North American Birds

VOLUME 70 NO3-NO4 2019

A Quarterly Journal of Ornithological Record Published by the American Birding Association. The mission of the journal is to provide a complete overview of the changing panorama of our continent’s birdlife.

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Page 20 of 163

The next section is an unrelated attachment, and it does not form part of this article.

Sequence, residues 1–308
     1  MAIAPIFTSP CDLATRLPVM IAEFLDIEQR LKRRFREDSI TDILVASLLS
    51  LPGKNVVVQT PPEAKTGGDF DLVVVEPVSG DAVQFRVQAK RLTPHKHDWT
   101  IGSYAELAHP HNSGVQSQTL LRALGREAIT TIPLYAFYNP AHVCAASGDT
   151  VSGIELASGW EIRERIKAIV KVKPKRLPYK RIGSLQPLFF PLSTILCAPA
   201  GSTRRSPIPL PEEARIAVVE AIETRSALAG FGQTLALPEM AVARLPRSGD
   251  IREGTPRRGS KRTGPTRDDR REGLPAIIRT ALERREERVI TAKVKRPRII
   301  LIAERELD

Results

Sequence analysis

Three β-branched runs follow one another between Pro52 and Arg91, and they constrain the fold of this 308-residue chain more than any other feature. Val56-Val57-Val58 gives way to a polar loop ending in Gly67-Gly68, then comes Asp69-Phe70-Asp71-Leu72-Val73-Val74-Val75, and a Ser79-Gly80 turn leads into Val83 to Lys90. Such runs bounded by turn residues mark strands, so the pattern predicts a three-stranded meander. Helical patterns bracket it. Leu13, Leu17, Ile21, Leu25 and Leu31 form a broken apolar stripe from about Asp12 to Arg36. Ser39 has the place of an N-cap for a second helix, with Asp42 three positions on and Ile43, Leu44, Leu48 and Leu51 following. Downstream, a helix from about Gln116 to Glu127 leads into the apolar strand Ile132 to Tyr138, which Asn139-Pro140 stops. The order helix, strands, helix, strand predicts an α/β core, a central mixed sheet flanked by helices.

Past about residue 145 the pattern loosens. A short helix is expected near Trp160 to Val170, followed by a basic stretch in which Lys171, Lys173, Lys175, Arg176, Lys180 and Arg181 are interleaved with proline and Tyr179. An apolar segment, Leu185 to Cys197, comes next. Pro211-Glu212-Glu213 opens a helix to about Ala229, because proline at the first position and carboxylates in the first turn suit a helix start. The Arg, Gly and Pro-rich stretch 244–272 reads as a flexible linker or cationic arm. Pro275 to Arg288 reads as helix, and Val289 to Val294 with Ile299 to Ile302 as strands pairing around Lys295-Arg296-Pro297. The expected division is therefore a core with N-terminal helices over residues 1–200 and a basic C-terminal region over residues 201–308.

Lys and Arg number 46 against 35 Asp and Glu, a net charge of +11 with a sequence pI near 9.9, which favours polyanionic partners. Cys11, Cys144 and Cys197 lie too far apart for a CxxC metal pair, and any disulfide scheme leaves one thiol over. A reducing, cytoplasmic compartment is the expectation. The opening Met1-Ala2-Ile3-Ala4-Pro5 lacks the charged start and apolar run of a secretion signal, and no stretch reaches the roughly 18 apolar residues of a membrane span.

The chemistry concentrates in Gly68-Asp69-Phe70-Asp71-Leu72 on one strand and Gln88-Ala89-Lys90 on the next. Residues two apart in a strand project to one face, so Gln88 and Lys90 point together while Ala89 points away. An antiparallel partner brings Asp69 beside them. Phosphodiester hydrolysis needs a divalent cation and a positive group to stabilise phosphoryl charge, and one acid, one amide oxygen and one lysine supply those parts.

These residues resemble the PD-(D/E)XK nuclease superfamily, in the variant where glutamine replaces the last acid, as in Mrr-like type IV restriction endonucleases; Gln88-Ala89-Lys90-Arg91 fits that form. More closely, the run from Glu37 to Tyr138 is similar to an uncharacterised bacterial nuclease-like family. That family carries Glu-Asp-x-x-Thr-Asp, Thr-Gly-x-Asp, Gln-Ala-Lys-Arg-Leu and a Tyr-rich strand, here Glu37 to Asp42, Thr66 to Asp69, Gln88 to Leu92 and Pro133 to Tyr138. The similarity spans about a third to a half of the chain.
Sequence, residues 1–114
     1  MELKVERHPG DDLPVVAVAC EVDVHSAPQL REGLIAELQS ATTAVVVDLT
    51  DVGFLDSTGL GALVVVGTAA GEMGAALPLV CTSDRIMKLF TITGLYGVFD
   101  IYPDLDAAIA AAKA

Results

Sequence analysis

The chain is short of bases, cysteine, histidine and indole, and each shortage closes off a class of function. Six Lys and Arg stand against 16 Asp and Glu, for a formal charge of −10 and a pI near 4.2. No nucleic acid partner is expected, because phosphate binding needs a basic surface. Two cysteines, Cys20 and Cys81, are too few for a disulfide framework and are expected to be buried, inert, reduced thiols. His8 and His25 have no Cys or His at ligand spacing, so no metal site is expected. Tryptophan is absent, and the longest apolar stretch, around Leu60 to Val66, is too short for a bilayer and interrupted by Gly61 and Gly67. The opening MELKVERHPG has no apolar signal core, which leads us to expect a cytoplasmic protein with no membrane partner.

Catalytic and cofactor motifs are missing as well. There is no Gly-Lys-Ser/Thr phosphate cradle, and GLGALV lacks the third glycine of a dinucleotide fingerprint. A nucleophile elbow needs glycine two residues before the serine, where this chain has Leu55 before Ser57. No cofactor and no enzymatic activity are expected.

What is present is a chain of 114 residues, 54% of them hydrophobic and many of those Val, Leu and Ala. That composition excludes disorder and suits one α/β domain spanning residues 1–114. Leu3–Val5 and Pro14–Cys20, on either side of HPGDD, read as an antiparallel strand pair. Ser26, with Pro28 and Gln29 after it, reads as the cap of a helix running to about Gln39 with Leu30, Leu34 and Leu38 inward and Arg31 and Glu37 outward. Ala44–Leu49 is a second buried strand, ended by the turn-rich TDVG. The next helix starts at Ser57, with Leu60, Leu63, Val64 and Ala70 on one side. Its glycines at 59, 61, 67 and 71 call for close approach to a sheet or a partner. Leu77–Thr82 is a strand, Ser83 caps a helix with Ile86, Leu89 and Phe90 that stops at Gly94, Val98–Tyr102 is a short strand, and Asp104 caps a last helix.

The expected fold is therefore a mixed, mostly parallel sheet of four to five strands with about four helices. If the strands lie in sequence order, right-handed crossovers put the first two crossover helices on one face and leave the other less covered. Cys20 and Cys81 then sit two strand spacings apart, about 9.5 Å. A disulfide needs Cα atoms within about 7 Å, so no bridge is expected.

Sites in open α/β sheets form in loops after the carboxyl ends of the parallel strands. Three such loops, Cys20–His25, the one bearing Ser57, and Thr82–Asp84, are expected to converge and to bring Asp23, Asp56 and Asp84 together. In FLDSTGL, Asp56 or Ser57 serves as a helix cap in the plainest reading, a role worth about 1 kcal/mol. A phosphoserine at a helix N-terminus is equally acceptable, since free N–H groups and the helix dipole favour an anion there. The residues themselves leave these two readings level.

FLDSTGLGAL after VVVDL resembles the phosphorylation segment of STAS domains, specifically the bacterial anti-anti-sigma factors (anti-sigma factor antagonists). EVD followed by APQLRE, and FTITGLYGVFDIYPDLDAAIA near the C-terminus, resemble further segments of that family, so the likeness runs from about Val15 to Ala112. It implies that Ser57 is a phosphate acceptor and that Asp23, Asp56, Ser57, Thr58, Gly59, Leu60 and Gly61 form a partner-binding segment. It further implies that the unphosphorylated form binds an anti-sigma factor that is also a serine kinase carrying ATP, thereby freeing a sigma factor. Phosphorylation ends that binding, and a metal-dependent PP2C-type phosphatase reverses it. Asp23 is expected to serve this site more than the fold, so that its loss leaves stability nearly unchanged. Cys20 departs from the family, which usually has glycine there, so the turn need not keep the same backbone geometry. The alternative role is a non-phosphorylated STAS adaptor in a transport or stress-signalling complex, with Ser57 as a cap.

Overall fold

V O L U M E 7 0 ( 2 0 1 9 ) • N U M B E R S 3 / 4 267 AT L A N T I C P R O V I N C E S & S T. P I E R R E E T M I Q U E LO N season 42 nests were documented on the Ils. in June as compared to 26 nesting pairs in 2015 (fide Ted D'Eon). An ad. Royal Tern pro - vided Newfoundland with its sixth record of the species when one was observed 22–27 Jul at Cape Race, Avalon Pen. (ph. BM). A well ob - served flyby 23 Jun of a Royal Tern at Machias I., NB was considered an unusual event (Ralph Eldridge). Subsequently, another Royal Tern was located 29 Jul in Pointe Verte, Gloucester, NB (Gilbert Bouchard). Very rare to Newfoundland, a Sandwich Tern was an excellent discovery 27–29 Jul at Renews, Avalon Pen., NL in the company of the previously reported Royal Tern (Alvan Buckley, ph. Jared Clarke). This obser - vation provided the sixth record of Sandwich Tern for Newfoundland & Labrador (fide Jared Clarke). In Nova Scotia, Sandwich Tern is con - sidered a vagrant and there were two reports this season—one was observed 9 Jun at Seal I., Y armouth (ph. David McCorquodale) and the other was located at Dennis Pt., West Pubnico, Yarmouth 12–13 Jun (Shawn Craik, Ronnie d'Entremont, ph. Alix d'Entremont). A Black-capped Petrel was spotted 27 Jul 180 nm s. of C.S.I. during a United States Ce - tacean and Seabird Study in Canadian waters (Michael Force). Few have been documented within Nova Scotian waters with only six pre - vious records of the species. Significantly, the number of Cory's Shearwater being reported within the NS zone has increased rapidly with 255 reports having been registered within the Eastern Canada Seabird Database this season alone (fide John Loch). A Cory's Shearwater first observed off Grand Manan I., Charlotte, NB 27 Jul was subsequently relocated the next day in the same area (ph. Durlan Ingersoll). Audubon's Shearwater is rare to Nova Scotia waters yet three were documented in the East - ern Canada Seabirds at Sea database during Canadian Seabird Surveys and an additional 5 were reported within Nova Scotian waters 180 nm s. of C.S.I. during a US Cetacean and Sea - bird Survey 28 Jul (Michael Force). Previously only one report of Audubon's Shearwater had been documented within Nova Scotian waters. Exceptionally rare to Nova Scotia, a White- faced Storm-Petrel was reported 27 Jul 180 nm s. of C.S.I. and a Band-rumped Storm- Petrel was reported the next day in the same locale by Michael Force (fide John Loch). Dur - ing the same US survey in Canadian waters, a subadult Brown Booby was photographed 26 Jul 150 nm s. of C.S.I. (ph. Michael Force). Uncommon in Nova Scotia, 2 Snowy Egret were reported within the prov - ince—the first was at Overton, Yarmouth 10 Jun+ (John Kear - ney) and the second was pres- ent at the Hawk, C.S.I. 13–16 Jun (ph. Mark Dennis, et al.). Little Blue Heron is a regular vagrant to Nova Scotia. This season there was one at Cow Bay, Halifax, NS through 9 Jun (ph. Stepen Cooke) and at the Second Pen., Lunenburg 23-24 Jun (Johnathan Davies, m.ob.). Tricolored Heron is an unusual vagrant for New Brunswick and when one was discovered 30 Jun–7 Jul in St. John it was a good find (Gilles Bourque, Karen Miller, m. ob.). In Nova Scotia, Tricolored Heron is considered the rar - est of the vagrant herons, so an ad. discovered 11 Jul on Brier I., Digby (ph. Eric Mills) and another—perhaps the same individual—was later reported 31 Jul+ at Daniel's Head, C.S.I. (ph. Mark Dennis) consititued excellent finds. FLYCATCHERS THROUGH TANAGERS A pair of Scissor-tailed Flycatcher reports were perhaps the most significant observations for Nova Scotia this season. A male Scissor-tailed Flycatcher was a surprise discovery 9 Jun on Seal I., Yarmouth, NS (ph. David Bell, Lucas Ber - rigan). The second, also a male dropped in on Mike Sander's property 26–28 Jun in West Jed - dore, Halifax (ph. Mike Sanders, ph. Jim Edsall, m.ob.). Subsequent detailed examination of the photographs of both birds, and in particular the pattern of replacement of certain feathers, dem - onstrated that these were two separate individ- uals (fide IM). There have only been 10 previ- ous records of this species within Nova Scotia. Considered a rare summer resident, a House Wren was present 18–28 Jun at St. Leonard, Madawaska, NB (Roy Lapointe). Yellow- throated Warbler is generally a spring vagrant in Nova Scotia and rarely lingers into summer within the province, so the discovery of one 17 Jul at Taylor Head P.P., Halifax, NS was an excellent record. Also in the province of Nova Scotia, a pair of Field Sparrow observed for - aging and feeding a fledgling 10 Jun at the Harrison Lewis Centre, Queens provided the province with its first breeding record for that species (fide Sarah Gutowsky). Contributors: Roger Etcheberry (St. Pierre et Miquelon); Bruce Mactavish (Newfoundland and Labrador); Ian McLaren (Nova Scotia). n –––––––––––––––––––––––––––––––––––––– David Seeler, 28 Irwin Drive, Charlottetown, PE, Canada C1E 1S2 • This Tricolored Heron was discov- ered 31 Jul on C.S.I., Nova Scotia. This is considered the rarest of the vargrant herons to Nova Scotia and represented a significant find. Photo by © Mark Dennis STANDARD ABBREVIATIONS AND SYMBOLS USED IN THE REGIONAL REPORTS * specimen collected + bird(s) seen through end of period † written details on file A.F.B. Air Force Base acc. accepted by records committee A.R.C. Avian Records Committee b. banded B.B.S. Breeding Bird Survey B.O. Bird Observatory B.R.C. Bird Records Committee C.A. Conservation Area C.B.C. Christmas Bird Count C.P. County Park cm centimeter(s) Fwy. Freeway G.C. Golf Course Hwy. Highway imm. (imms.) immature(s) Jct. Junction juv. (juvs.) juvenile(s) km kilometer(s) mm millimeter(s) m.ob. many (or multiple) observers N.A. Nature Area, Natural Area N.F. National Forest N.M. National Monument N.P. National Park N.S. National Seashore N.W.R. National Wildlife Refuge p.a. pending acceptance P.P. Provincial Park ph. photographed (by + initials) R.A. Recreation(al) Area R.B.A. Rare Bird Alert R.P. Regional Park R.S. Regional Shoreline Rd. Road Rte. Route S.B. State Beach S.L. Sewage Lagoon S.F. State Forest S.G.A. State Game Area S.P. State Park S.R.A. State Recreation Area S.R. State Reserve S.N.A. State Natural Area S.W.A. State Wildlife Area S.T.P. Sewage Treatment Plant/Pond subad. (subads.) subadult(s) Twp. Township v.r. voice recording (by + initials) vt. videotape (by + initials) W.A. Wildlife Area W.M.A. Wildlife Management Area W.T.P. (Waste)water Treatment Plant/Pond Italics indicate name of a county, parish, or municipality.